The S. haemolyticus Pan-Genome Distribution Reflects the High Variation of Commensal Isolates

The pan-genome analysis reflected a relatively stable core genome which is comparable to what is observed in S. epidermidis, S. aureus and Staphylococcus lugdunensis. In S. haemolyticus the core genome is slightly smaller which could be explained by the higher number of unique genes in the commensal isolates (Méric et al., 2015, 2018; Argemi et al., 2018). Similar to S. haemolyticus, S. aureus and S. epidermidis also have an open pan-genome in contrast to S. lugdunensis (Bosi et al., 2016; Argemi et al., 2018). However, the pan-genome accumulation curves for S. epidermidis and S. aureus are not as steep as we see for S. haemolyticus (Conlan et al., 2012; Méric et al., 2015; Sharma et al., 2018). The relatively large pan-genome of S. haemolyticus is, at least in part, due to the variation seen in genes of the same function, resulting in two or more clusters for one gene. The most abundant categories in the core genome were genes involved in housekeeping functions, like transcription and translation, and different metabolism categories, a result similar to reports on S. aureus and S. epidermidis (Bosi et al., 2016; Sharma et al., 2018). The large repertoire of genes in the accessory genome confer advantages in highly variable environmental conditions.

Strengths and Limitation With the Study

This study is the largest comparative study of clinical and commensal S. haemolyticus isolates to date, and the clinical isolates have wide spatial and temporal distribution. We have used state of the art technology to analyze pathogenicity traits and the genetic signatures of clinical and invasive isolates. The study also has limitations. First, the majority of the commensal isolates are from one geographic location, and more recently collected than the invasive isolates. Still, the very diverse commensal population indicates that commensal isolates may lack the pathogenic traits of hospital-adapted clones. Second, the invasive isolates are collected over a wide time-span and some of the isolates originated from infections two decades ago. Still we see a very clear phylogenetic clustering, and invasive isolates from different geographical origin cluster together. We believe this clearly indicates the emergence of disease-causing isolates with a homogenous genetic signature. Third, it would have been of interest to collect skin samples from hospitalized patients without infection, in order to see whether colonization of more pathogenic isolates emerges after hospitalization. We did not have the opportunity to collect such samples in this study, but we will pursue this in the future. Finally, we do not know whether some of the clonal groups are still circulating or might have been replaced by new clones. This phenomenon was observed in S. aureus where the pandemic clone ST239-MRSA-III that circulated for several decades (Monecke et al., 2018) was replaced with clones with increased fitness (Hsu et al., 2015). Still, we believe that our current study has identified important features of hospital adapted S. haemolyticus clones. Future sampling of both commensal and invasive isolates is needed in order to monitor the evolution of S. haemolyticus.

Conclusion

In this study we have gained a deeper understanding of the mechanism of adaption of S. haemolyticus in the hospital environment by phylogenetic and pan-genome analysis. We have found a clear segregation of isolates of commensal origin, and specific genetic signatures distinguishing the clinical isolates from the commensal isolates. It is highly likely that the widespread use of antimicrobial agents has promoted the development of MDR clones of S. haemolyticus persisting in the hospital environment, and that these isolates have responded through acquisition of mobile genetic elements or beneficial point mutations and rearrangements in surface associated genes. Defining pathogen-associated signatures is an important step in infection control. Continuous surveillance and molecular typing are important in order to monitor the spread and evolution of the S. haemolyticus hospital clones in the future.

Data Availability

The datasets generated for this study can be found in the European Nuclotide Archive (www.ebi.ac.uk/ena) study accession no. ERP000943 for the clinical isolates and ERP114853 for the commensal isolates. The DNA accession number for the individual sequences are found in Supplementary Data S2.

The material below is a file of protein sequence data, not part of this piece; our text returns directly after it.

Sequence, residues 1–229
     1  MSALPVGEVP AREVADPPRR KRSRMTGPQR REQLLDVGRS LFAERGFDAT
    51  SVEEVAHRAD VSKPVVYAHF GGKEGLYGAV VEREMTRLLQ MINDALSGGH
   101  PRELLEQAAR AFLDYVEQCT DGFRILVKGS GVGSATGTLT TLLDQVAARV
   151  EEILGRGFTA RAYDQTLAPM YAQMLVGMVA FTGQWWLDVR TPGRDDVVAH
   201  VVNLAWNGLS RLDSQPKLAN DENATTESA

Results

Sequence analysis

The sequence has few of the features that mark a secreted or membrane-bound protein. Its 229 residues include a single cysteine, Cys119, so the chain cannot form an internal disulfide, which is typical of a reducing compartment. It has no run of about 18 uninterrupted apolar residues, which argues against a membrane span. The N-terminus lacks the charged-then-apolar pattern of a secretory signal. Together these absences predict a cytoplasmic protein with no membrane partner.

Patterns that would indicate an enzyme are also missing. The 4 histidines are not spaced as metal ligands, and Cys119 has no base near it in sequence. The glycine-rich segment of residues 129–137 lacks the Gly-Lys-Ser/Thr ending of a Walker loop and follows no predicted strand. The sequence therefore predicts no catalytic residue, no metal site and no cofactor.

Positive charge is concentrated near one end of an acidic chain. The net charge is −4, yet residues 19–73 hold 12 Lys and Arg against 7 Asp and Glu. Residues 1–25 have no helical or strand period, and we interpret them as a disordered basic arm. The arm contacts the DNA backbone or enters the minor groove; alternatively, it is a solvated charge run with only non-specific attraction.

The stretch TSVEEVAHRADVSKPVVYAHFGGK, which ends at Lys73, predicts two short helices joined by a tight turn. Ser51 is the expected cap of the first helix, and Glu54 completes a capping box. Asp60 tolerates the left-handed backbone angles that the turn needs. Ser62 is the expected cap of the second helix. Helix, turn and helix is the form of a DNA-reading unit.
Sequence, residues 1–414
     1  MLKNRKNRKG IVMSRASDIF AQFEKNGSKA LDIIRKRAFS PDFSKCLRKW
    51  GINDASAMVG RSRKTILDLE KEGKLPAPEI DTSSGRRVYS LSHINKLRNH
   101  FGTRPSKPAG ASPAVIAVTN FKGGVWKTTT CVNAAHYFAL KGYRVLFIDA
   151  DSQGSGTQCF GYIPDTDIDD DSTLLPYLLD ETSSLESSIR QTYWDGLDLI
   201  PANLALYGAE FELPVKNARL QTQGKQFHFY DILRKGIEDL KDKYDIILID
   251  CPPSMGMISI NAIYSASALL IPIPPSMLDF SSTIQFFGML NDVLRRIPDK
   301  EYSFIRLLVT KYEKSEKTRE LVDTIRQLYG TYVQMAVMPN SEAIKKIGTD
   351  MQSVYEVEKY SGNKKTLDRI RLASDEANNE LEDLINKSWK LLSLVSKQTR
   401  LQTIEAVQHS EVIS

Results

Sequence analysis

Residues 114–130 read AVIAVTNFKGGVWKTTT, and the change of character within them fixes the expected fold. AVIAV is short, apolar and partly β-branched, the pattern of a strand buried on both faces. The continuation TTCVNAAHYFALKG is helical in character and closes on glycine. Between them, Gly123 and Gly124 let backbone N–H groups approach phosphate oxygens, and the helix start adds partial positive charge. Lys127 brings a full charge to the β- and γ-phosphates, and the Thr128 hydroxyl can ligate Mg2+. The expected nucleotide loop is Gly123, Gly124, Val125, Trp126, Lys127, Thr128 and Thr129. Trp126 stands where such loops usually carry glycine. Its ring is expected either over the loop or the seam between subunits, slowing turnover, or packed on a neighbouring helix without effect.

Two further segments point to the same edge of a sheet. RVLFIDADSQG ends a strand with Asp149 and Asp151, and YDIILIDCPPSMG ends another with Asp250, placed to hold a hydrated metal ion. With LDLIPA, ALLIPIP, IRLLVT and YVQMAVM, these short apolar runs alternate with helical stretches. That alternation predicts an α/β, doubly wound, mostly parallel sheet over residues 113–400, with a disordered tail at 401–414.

Author Contributions

MP organized and performed the bioinformatic analysis, took part in the study design, wrote the first version of the manuscript, and revised the manuscript. EH participated in bioinformatical analyzes and revised the manuscript. JC and CK conceptualized and designed the study and revised the final manuscript. All authors approved the final manuscript as submitted and agreed to be accountable for all aspects of the work.

Funding

MP was funded by UiT The Arctic University of North Norway. The publication charges for this article have been funded by a grant from the publication fund of UiT The Arctic University of Norway.

Conflict of Interest Statement

The authors declare that the research was conducted in the absence of any commercial or financial relationships that could be construed as a potential conflict of interest.

Acknowledgments

We thank Elizabeth Aarag Fredheim and Runa Wolden for sampling of volunteers for the collection of commensal S. haemolyticus isolates.

Supplementary Material

The Supplementary Material for this article can be found online at: https://www.frontiersin.org/articles/10.3389/fmicb.2019.02096/full#supplementary-material

Abbreviations

ARG, antibiotic resistance genes; aSec, accessory secretion system; CARD, comprehensive antibiotic resistance database; CDS, coding sequence; COG, cluster of orthologous groups; CoNS, coagulase negative staphylococci; CP, capsule polysaccharide; ENA, European Nucleotide Archive; IS, insertion sequences; MDR, multi drug resistant; Orf, open reading frame; WGS, whole genome sequence.

Footnotes

  1. ^ http://www.eucast.org/
  2. ^ www.ebi.ac.uk/ena
  3. ^ https://itol.embl.de/
  4. ^ http://pubmlst.org
  5. ^ http://enterobase.warwick.ac.uk
  6. ^ http://bacdb.org/BacWGSTdb
  7. ^ https://pubmlst.org/shaemolyticus/

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Keywords: Staphylococcus haemolyticus, pangenome, multidrug resistance, bacterial genomics, pathogenicity, antibiotic resistance genes

Citation: Pain M, Hjerde E, Klingenberg C and Cavanagh JP (2019) Comparative Genomic Analysis of Staphylococcus haemolyticus Reveals Key to Hospital Adaptation and Pathogenicity. Front. Microbiol. 10:2096. doi: 10.3389/fmicb.2019.02096

Received: 16 April 2019; Accepted: 26 August 2019;
Published: 10 September 2019.

Edited by:

David W. Ussery, University of Arkansas for Medical Sciences, United States

Reviewed by:

Zhi Ruan, Zhejiang University, China
Robin Anderson, Agricultural Research Service, United States Department of Agriculture, United States

Copyright © 2019 Pain, Hjerde, Klingenberg and Cavanagh. This is an open-access article distributed under the terms of the Creative Commons Attribution License (CC BY). The use, distribution or reproduction in other forums is permitted, provided the original author(s) and the copyright owner(s) are credited and that the original publication in this journal is cited, in accordance with accepted academic practice. No use, distribution or reproduction is permitted which does not comply with these terms.

*Correspondence: Jorunn Pauline Cavanagh, Pauline.cavanagh@uit.no